Not everyone gets to spend Christmas Day on the sofa. Pack a lunchbox full of traditional Christmas food that’s been adapted for those who’ll be spending their day hard at work.
Picture the scene: a roaring fire, presents being passed around the tree, raising toasts at the big family meal and enjoying a snooze on the sofa. A dream Christmas for some, but for others their Christmas Day will be compromised somewhat by having to work.
From transport and hospitality workers to the emergency services, there are many who can't stop grafting because it's the 25th December. Salute their services with a portable piece of traditional Christmas that they can enjoy at their workplace…
Something for everyone
Our ideas are based on there being nowhere to heat up your packed lunch, but if you do have access to a microwave, invest in a good piece of Tupperware and take along a rustic wintry soup. Our sausage minestrone will keep you going through the afternoon, or dip into the cheeseboard early and make a classic broccoli and stilton blend.
The ultimate Christmas sandwich
The ceremony of eating a full roast dinner is the focal point of Christmas Day for many, so a sandwich is going to struggle to compete. Hopefully you’ll be returning home to a plated up portion of dinner, so keep lunch light and festive in a seasonal sarnie with some serious layering action.
We love a sandwich at BBC Good Food, and relish the chance to practice our assembly skills. Firstly, choose your bread wisely. As you want to pack your sandwich full of wintry layers, a flimsy slice of white isn’t going to cut it. Try sturdy sourdough or a crusty ciabatta and toast the inside to create a seal to prevent sogginess.
Go the whole hog and assemble a full Christmas dinner. If the joint hasn't been roasted, buy a small amount of turkey mince and make thin burgers the night before. This recipe contains very festive carrots and apricots, but ramp up the seasoning with some sage or parsley. If you prefer slices of meat, pick up some ready-roasted chicken breast as buying a whole turkey breast to roast might be excessive.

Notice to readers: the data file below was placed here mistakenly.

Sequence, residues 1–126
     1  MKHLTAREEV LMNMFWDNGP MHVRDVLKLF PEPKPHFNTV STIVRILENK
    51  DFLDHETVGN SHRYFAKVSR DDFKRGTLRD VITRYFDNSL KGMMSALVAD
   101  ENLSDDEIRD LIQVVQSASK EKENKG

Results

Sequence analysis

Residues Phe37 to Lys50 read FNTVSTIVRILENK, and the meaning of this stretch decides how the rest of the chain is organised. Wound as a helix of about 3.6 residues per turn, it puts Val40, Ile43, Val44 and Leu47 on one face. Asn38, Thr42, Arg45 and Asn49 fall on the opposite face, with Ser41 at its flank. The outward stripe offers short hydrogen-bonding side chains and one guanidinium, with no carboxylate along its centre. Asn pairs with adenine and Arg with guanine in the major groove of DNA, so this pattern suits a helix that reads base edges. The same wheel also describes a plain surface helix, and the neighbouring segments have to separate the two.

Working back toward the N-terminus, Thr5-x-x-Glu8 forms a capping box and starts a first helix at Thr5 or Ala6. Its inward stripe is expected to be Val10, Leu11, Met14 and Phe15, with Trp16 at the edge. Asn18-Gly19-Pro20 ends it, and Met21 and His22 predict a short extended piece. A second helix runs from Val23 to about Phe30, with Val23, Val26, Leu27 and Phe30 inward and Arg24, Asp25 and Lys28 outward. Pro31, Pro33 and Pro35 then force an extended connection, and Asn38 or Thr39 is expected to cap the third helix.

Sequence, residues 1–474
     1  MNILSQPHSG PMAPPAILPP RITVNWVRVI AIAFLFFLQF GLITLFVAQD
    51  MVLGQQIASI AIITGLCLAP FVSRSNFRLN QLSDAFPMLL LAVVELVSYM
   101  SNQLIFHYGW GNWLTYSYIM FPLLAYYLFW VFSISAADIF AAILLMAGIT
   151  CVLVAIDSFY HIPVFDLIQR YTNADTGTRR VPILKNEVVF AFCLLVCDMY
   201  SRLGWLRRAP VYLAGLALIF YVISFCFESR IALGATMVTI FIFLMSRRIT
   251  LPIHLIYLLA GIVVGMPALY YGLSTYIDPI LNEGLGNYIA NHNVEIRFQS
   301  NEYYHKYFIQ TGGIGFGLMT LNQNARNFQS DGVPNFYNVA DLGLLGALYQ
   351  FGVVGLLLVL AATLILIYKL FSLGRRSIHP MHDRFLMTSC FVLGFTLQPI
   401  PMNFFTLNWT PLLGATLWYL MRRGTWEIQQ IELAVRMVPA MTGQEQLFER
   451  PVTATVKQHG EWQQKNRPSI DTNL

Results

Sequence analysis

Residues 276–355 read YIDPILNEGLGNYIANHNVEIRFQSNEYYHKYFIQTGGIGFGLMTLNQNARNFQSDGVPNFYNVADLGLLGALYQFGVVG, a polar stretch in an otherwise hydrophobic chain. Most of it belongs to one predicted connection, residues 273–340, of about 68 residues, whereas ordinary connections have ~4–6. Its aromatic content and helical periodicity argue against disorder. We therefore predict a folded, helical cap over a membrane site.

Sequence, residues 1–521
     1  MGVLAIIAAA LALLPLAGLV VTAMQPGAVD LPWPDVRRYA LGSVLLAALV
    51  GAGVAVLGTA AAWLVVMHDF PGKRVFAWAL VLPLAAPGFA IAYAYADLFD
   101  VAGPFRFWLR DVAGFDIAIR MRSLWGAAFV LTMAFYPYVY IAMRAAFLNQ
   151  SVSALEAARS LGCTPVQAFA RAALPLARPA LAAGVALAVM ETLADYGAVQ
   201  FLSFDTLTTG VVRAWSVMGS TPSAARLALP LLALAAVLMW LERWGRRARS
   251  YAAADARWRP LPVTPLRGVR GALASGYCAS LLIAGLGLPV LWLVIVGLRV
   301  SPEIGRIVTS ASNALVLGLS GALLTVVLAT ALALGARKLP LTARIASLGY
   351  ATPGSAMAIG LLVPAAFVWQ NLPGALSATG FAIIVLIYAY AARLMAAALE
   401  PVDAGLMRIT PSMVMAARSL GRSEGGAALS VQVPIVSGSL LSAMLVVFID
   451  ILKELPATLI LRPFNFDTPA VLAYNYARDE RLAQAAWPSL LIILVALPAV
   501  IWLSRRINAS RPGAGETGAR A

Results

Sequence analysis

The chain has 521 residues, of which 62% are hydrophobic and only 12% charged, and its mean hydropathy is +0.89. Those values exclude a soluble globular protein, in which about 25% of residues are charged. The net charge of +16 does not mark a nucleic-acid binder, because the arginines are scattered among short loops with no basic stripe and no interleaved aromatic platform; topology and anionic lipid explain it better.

Make up a winter slaw to add crunch. Use a small amount of the vegetables being used for the Christmas dinner. Even shredded, raw sprouts would work – they have a lighter texture than sliced cabbage. If stuffing balls are waiting in the fridge for the big day, you could nab one, flatten it and roast it, or make up a portion of shop-bought stuffing if you want an easier life.
When it comes to garnishes, there are plenty of chutney choices. However consider the fact that some of them might leach water and ruin the bread. Try spreading cranberry jelly or relish between a meat and vegetable layer. Pick up some vegetable crisps to serve on the side.
Other great Christmas sandwich combos...
Put your ham in to roast a day early and make it your Christmas Eve meal. We have plenty of recipes and tips to help you with this. The next day, assemble a Christmas Ploughman's platter in your lunchbox: Thick slices of ham, a winter slaw (the maple candied nuts are optional), slices of strong cheddar cheese, crusty bread and some pickled beetroot sealed in a food bag.
Get cooking in the lead up to Christmas Day and make yourself a lunchbox pie. Shortcrust or filo pastry work best here, as they keep their shape better than puff pastry, and are less likely to go soggy.
Our four & twenty chicken & ham pie is a savoury sensation, but is one for those with time on their hands. Our butter pie is another crowd-pleaser, or try a pork pie filled with pistachio and festive cranberry.
If you don’t fancy rustling up a behemoth of a bake, try making individual pies, or make use of versatile sheets of filo pastry and make a batch of samosas. Swap the Indian spices of these tikka samosas and flavour the mince with festive cinnamon, rosemary and cranberries.
Go slow on Christmas Eve
Create a Christmas Eve supper to remember and have enough left over for your pack-up the next day by slow-cooking a large joint to be shared with friends and family. Lamb shoulder with seasonal pomegranate will be just as tender and soft the next day. Serve with that trusty lunchbox favourite couscous, jazzed up with apricots and crispy onions.
Don't forget dessert
Earn brownie points with your colleagues and take a batch of mince pies. This recipe also contains chocolate chips, so should keep everyone happy. Failing that you could always share your selection box. Christmas is the season of giving after all.
Are you working on Christmas Day? When it comes to your packed lunch is it business as usual, or do you try and inject some festive sparkle? Share your ideas with us below…